Tracks in the mud - is it a bear chasing a deer?
Tracks in the mud – is it a bear chasing a deer?

After we’d followed the tracks for about a hundred metres or so my son spotted another set of tracks that seemed to be punctuating the deer tracks every now and then. We observed these tracks were from the paws of a large carnivore … and so the story soon became jovially embellished! We decided that, obviously, the tracks we were following were those of a bear chasing after the deer! … I should perhaps add that we don’t have bears here in the north of England of course … but, in storytelling, dogs could become bears, I’m sure 😉

J Peggy Taylor

OS map and Silva compass

Enjoy map-reading with Ordnance Survey maps

As a great fan of the traditional fold-out paper version of OS maps, I was surprised to receive an email today from Ordnance Survey confirming that their paper maps are here to stay. “What?!” I thought. “I didn’t know they’d been threatened with extinction too!” … but then I read on …

Apparently, in some of the UK newspapers that I don’t read, there has been a story circulating recently that Ordnance Survey will no longer be routinely producing maps that cover the whole of the UK.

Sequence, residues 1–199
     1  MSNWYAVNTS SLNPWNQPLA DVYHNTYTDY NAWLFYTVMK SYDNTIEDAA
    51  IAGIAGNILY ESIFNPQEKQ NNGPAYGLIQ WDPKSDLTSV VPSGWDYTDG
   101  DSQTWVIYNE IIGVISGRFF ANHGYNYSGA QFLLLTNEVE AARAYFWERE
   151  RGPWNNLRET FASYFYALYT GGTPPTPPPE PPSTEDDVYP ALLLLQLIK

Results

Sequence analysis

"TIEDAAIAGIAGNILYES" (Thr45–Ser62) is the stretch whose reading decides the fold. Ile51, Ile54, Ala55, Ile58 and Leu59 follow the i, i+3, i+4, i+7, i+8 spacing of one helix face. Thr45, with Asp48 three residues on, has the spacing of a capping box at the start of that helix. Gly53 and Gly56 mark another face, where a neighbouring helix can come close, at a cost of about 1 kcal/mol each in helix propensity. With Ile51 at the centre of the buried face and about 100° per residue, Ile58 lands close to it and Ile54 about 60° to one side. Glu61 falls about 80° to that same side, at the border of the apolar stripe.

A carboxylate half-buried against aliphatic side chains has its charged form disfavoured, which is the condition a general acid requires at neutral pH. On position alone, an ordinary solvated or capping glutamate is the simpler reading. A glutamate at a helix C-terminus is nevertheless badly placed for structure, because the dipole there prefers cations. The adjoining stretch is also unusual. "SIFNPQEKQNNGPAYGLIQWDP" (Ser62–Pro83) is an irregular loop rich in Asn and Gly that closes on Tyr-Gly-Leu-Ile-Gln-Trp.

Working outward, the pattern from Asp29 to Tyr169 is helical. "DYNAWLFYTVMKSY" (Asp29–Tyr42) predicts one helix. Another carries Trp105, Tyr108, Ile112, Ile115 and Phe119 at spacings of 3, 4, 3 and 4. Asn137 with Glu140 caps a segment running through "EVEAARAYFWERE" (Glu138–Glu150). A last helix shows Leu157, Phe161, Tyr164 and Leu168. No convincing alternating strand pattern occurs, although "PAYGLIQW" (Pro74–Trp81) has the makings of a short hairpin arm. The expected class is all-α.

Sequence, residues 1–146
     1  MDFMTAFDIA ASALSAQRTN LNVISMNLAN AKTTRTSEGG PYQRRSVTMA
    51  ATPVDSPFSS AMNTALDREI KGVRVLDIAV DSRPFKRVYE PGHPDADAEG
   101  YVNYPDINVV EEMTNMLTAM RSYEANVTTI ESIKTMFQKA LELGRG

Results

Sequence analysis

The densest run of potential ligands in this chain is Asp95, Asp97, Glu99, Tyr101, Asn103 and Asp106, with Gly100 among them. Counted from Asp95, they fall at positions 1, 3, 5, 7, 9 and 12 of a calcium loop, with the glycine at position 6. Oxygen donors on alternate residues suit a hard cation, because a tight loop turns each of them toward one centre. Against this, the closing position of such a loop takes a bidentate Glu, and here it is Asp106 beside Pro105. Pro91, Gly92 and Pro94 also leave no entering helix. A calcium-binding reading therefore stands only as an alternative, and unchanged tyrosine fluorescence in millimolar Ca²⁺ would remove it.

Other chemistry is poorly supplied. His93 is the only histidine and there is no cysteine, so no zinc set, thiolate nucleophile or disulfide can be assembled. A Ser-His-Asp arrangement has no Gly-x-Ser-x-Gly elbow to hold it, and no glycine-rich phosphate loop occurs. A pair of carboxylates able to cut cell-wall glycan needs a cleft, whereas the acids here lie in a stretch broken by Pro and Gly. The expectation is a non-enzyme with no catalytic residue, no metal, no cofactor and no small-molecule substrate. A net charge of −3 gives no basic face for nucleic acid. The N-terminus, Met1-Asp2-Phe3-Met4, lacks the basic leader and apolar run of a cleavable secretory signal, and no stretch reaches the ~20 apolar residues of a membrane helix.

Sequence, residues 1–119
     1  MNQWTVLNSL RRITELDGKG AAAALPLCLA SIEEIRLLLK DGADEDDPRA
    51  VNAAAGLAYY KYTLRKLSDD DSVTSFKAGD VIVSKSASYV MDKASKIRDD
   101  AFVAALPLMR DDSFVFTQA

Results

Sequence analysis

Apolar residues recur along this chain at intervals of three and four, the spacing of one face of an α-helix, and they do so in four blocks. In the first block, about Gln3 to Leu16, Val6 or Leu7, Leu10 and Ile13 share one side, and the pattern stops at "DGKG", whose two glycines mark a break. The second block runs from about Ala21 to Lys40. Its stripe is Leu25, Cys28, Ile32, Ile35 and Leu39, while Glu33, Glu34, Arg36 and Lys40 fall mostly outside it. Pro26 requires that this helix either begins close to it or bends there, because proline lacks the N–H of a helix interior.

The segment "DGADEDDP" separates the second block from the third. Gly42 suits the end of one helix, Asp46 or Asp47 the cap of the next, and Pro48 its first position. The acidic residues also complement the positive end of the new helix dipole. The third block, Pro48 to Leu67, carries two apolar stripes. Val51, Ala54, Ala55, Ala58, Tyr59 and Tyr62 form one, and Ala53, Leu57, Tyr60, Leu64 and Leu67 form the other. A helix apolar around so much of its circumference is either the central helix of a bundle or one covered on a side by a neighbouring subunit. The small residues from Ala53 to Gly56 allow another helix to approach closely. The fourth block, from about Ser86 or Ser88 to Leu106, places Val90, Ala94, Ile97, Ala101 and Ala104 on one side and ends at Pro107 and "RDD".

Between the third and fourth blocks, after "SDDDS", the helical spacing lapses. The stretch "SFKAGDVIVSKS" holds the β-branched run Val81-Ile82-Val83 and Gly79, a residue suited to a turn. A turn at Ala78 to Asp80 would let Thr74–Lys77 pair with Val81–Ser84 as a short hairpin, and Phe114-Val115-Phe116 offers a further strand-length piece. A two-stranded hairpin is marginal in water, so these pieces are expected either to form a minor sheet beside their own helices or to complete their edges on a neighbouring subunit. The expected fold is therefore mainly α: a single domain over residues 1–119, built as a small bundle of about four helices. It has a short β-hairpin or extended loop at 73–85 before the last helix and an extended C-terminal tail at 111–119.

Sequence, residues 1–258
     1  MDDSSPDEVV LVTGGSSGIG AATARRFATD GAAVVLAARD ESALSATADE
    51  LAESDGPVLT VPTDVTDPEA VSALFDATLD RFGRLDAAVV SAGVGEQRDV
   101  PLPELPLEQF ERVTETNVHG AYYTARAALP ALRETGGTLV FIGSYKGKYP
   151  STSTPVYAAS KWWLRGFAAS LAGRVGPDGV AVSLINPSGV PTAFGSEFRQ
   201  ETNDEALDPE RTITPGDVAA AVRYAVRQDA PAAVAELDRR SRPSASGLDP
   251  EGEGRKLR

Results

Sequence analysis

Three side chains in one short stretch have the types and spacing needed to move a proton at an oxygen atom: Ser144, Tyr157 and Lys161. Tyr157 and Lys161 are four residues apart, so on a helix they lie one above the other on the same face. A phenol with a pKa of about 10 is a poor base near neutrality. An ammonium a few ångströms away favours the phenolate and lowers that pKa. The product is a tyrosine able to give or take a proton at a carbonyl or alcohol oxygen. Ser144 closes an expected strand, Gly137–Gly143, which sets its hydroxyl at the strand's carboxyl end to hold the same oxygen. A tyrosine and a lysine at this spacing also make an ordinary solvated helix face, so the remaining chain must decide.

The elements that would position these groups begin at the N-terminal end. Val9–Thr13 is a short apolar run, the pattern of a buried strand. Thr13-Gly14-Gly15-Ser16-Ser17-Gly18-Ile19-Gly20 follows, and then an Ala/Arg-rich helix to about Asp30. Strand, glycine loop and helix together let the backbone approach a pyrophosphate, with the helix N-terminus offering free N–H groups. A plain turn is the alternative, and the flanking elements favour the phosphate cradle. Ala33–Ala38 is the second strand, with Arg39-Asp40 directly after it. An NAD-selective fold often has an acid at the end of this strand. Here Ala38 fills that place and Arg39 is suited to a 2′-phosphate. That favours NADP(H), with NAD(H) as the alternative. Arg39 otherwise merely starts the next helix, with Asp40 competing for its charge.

I am pleased to report these stories are entirely false! In the words of Ordnance Survey themselves –

This is simply not true!

We are pleased to confirm that we have no plans to stop producing our iconic range of OS Explorer Maps and OS Landranger Maps for the whole
of Great Britain.

Ordnance Survey go on to emphasise the importance of their paper maps and recommend that people carry a paper map as well as digital versions. You can find free map-reading guides on the OS website including a map-reading guide for children. I found the children’s guide a useful tool when I was introducing my own children to map-reading.

Map-reading is one of those skills I am always keen to encourage. When we meet ‘lost’ people I find it much easier using a map to explain to them where they are … relative to where they want to be! I know map-reading was part of the school curriculum (at least in the recent past! – though things change so quickly in the field of education here in the UK these days!). But a skill like map-reading can only really be honed with practice. With the Easter holidays around the corner, there’s a great family fun activity for everyone to get lost in!

I jest … slightly! If you are all just beginning map-reading and practising your skills together, I would recommend starting out by exploring your own neighbourhood or somewhere you know reasonably well. This will give you a chance to get to grips with exactly what all those lines and map symbols look like ‘on the ground’.

Map-reading the landscape
Our feature-rich landscape including an earthwork (under the small copse of trees) and a TV mast (across the valley on the horizon towards the right). Roads, field boundaries and height contours can all be more easily understood when they are there in front of us.